A totally gorgeous empty beach waited for us on the 10 metre walk from the layby. the world stopped. I touched the water, felt the sand and enjoyed the pleasant breeze to downplay the heat of the sun. From Safety Cove Reserve it was on round to what is known as “Remarkable Cave”, which sounded like a dubious title to me, so we prepared ourselves for the worst. We exited the car and saw that it was just a 15 minute walk down to the cave.

It was actually less than that – down some steps and a wee path. In the end I was actually quite impressed – the cave was quite cool! We climbed down by it for photos and stood at the cave entrance. 

We did contemplate swimming in the water and swimming through to the main beach on the other side. But time was short and we had agreed to go back and feed the Kangarooneys for 2.30 pm. So we did.


Once back at the Tasmanian Devil Conservation Park, we watched a very interesting documentary about the Tasmanian Devil and the now (presumed) extinct Tasmanian Tiger. The Tasmanian Tiger hasn’t been seen since 1982, and even then that was a very dubious sightsing by a wildlife expert who conveniently “couldn’t reach his camera in time.” After that we saw some birds – a well disguised tree trunk resembling owl which at first was so camouflage I didn’t even notice it. Then we saw some smaller birds and a massive brown falcon on a perch.

Then it was into the lair of the Kangarooneys. The type of Kangaroos here in Tasmania are Forester Kangaroos, which is the only type of Kangaroo currently habitat in Tasmania. They are a subspecies of the very common Eastern Grey Kangaroo in mainland Australia. They gather in dozens and graze in fields. When the temperature rises they graze in the shade. Tasmanian devils will eat them, dead or alive (though live Kangaroos could easily crush the devils also).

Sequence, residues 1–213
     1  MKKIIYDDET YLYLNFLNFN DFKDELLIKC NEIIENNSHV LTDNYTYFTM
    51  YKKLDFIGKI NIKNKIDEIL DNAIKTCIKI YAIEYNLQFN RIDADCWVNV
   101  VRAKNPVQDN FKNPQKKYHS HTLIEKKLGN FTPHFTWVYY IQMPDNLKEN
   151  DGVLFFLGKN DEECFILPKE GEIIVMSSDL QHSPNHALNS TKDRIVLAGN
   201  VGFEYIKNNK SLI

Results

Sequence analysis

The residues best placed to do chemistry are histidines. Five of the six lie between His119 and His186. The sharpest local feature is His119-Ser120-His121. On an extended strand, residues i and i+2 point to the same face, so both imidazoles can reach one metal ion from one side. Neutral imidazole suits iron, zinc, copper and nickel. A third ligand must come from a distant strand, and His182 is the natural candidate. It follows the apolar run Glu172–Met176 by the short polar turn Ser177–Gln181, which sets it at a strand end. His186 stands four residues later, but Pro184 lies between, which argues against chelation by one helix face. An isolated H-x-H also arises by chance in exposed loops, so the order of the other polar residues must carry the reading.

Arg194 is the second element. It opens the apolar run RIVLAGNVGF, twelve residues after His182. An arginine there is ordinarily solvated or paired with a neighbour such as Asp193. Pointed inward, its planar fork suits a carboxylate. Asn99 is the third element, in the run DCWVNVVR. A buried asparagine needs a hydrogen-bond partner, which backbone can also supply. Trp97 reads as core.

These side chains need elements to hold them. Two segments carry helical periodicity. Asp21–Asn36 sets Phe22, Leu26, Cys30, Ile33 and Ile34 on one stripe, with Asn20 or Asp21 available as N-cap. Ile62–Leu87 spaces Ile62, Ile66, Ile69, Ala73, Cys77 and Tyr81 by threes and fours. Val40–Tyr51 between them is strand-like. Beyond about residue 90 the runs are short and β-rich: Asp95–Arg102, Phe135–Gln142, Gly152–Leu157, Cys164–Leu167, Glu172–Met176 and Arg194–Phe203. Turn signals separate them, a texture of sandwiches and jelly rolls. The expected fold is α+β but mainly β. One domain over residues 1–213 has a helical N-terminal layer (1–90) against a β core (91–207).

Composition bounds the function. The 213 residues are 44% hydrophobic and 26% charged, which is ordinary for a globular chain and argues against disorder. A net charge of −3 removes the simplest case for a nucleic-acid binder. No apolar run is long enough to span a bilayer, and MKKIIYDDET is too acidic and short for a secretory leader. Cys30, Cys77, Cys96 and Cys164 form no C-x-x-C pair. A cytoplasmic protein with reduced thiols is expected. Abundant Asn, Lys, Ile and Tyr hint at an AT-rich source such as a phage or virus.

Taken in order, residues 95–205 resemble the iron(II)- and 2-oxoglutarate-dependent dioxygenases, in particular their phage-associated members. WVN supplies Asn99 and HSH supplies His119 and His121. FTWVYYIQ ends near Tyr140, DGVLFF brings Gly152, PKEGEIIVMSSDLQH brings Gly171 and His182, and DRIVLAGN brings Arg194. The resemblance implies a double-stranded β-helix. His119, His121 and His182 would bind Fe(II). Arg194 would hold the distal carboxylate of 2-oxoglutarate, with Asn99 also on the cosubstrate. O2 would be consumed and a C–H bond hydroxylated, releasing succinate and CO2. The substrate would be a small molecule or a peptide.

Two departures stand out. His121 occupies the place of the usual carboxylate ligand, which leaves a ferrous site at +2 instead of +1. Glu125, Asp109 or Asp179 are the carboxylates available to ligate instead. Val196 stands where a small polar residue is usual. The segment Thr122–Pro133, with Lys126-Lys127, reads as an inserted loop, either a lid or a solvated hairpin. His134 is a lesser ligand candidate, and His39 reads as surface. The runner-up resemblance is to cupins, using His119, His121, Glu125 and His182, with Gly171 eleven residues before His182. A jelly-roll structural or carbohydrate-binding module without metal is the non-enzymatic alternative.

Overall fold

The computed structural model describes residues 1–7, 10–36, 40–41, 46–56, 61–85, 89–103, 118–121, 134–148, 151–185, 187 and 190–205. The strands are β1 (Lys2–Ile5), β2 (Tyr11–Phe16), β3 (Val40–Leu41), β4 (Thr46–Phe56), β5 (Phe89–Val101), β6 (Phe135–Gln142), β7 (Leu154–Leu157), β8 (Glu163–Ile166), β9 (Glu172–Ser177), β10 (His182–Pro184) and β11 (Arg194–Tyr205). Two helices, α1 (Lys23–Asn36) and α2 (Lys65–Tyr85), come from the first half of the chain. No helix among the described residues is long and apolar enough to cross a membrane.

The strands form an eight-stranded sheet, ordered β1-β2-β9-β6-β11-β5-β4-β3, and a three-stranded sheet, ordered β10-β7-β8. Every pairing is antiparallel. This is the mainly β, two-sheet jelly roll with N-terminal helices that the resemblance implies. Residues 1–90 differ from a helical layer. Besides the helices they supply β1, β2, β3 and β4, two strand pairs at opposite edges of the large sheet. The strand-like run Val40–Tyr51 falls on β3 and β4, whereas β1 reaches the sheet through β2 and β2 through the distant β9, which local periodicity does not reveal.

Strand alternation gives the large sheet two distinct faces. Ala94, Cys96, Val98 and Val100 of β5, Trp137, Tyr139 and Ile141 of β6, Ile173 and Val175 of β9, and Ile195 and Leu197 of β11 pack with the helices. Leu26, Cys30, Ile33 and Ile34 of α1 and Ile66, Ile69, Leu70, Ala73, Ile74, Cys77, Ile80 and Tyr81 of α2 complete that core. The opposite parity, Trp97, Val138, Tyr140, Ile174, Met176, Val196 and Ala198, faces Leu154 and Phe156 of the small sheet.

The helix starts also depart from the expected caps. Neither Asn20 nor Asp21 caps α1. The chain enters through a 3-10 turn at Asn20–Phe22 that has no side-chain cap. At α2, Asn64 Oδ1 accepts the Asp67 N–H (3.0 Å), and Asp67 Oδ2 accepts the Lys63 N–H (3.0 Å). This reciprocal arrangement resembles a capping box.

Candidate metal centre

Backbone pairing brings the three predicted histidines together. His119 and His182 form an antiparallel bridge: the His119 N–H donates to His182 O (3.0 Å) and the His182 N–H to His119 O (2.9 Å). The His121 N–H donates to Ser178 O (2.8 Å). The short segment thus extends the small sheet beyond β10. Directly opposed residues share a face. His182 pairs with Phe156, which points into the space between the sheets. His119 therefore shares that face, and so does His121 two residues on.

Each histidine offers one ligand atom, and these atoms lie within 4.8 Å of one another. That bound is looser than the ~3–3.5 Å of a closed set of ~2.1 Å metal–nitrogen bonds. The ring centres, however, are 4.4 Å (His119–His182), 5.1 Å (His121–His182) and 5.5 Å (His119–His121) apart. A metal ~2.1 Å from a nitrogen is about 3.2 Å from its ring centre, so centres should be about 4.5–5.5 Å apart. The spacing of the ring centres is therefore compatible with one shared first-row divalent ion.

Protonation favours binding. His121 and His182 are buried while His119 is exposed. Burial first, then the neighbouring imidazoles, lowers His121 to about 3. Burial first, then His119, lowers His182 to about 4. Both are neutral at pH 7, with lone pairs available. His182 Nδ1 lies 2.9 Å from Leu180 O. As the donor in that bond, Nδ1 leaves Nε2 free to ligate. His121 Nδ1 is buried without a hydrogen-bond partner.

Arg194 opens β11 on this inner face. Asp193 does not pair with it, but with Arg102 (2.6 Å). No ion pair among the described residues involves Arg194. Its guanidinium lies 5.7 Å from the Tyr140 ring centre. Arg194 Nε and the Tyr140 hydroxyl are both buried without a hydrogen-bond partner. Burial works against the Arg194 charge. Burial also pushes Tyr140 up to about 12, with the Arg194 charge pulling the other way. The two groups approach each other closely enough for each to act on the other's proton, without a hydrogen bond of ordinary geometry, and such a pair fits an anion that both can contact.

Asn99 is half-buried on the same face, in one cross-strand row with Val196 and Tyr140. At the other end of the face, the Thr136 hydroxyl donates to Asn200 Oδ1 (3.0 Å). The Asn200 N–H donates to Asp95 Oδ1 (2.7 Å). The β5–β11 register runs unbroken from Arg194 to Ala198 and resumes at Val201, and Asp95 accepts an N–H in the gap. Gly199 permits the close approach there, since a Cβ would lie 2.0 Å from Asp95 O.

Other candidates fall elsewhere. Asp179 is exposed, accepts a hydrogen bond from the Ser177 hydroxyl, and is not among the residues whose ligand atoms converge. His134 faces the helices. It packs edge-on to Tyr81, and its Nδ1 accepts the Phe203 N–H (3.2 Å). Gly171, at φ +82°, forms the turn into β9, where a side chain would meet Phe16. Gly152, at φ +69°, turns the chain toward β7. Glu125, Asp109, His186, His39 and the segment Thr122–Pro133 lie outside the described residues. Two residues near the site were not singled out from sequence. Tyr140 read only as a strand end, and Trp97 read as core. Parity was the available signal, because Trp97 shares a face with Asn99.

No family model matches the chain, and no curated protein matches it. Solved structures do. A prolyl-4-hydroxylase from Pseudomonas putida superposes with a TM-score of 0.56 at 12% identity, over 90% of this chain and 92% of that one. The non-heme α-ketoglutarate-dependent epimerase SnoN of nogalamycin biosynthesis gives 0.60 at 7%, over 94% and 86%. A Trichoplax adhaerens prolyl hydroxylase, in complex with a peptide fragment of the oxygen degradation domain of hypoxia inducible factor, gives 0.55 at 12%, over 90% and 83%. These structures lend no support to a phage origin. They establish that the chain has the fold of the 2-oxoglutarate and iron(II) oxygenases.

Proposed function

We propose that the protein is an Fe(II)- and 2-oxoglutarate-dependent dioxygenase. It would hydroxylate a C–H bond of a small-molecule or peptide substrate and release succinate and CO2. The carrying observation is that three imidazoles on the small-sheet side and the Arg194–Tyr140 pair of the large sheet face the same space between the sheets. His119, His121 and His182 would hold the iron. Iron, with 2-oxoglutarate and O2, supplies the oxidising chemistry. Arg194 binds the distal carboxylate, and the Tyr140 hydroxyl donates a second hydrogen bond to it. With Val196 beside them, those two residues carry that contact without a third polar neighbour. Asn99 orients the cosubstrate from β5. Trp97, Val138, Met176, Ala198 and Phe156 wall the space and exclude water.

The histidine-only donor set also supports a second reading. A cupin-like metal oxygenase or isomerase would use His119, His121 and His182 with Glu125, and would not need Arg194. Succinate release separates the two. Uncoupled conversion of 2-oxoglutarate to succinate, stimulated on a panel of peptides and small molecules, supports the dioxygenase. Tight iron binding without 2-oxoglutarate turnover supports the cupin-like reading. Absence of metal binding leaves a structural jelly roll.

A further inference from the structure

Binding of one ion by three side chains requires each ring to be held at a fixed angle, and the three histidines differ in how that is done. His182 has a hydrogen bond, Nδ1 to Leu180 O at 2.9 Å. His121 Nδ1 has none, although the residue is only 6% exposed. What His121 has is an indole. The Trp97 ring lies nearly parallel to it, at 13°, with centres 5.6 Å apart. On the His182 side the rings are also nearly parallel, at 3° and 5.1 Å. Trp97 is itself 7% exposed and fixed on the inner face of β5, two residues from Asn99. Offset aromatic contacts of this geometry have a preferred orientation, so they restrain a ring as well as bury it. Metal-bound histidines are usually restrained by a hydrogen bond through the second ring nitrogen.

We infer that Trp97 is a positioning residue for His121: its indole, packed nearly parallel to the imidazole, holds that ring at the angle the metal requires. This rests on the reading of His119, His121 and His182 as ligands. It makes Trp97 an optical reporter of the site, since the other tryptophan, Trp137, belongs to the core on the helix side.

Also in the same lair were Wallabies, which are almost like baby Kangaroos (though not Joeys). They are called Red-Necked Wallabies, even though their necks were clearly not red. I was a bit silly, first I thought one of them was a Possum, and Daniel had to correct me. We were pretty close to the Kangarooneys once inside and they were all huddled in a bunch anticipating food. In came Scholesy again (the zookeeper dude was a dead ringer for Paul Scholes of Manchester United) with buckets of food for his fellow Manchester teammates – the Kangarooneys.

They were small brown pellets in the buckets and straight away I grabbed a handful and went over to the Kangaroo which had been close to us when we came in. He was so friendly. he ate it right off my hands, loving it, loving the attention and enjoying the bit of food. I took another handful and gave him more, before it was somebody else’s turn.

Kangaroo feeding was spontaneous that day – we didn’t even know you could do that at the Tasmanian Devil Conservation Park so it was a pleasant bonus. After feeding the Kangarooneys it was basically a head back to Hobart and off the Tasmanian Devil Peninsula. On the way back we pulled over for petrol and I grabbed an energy drink and an ice lolly – a Banana Monkey. Neil and Daniel bought a fish and chips in the take away shop there. Whic was a bargain for $5. When in Tasmania you must try fish and chips, fishing is a big industry here. And the fish and chips are great!

And we were safely back in Hobart and the trip to the Tasmanian Devil Peninsula was over.

Who Went – Jonny Blair, Daniel Evans, Neil Macey, Paul Demciuch.
 Places We Went – Across the Tasman Bridge, Taranna, Port Arthur, Safety Cove, Remarkable Cave and back to Hobart.

Animals We Seen – Tasmanian Devils, Forrestier Kangaroos, Red-Necked Wallabies, Eastern Quolls, Falcons.

Favourite Drink – Gatorade Energy Drink

Favourite Food – Fish ‘n’ Chips (even though I only tried it in Hobart and Devonport)







 THE REAL PAUL SCHOLES, not the Zoo Keeper from Taranna: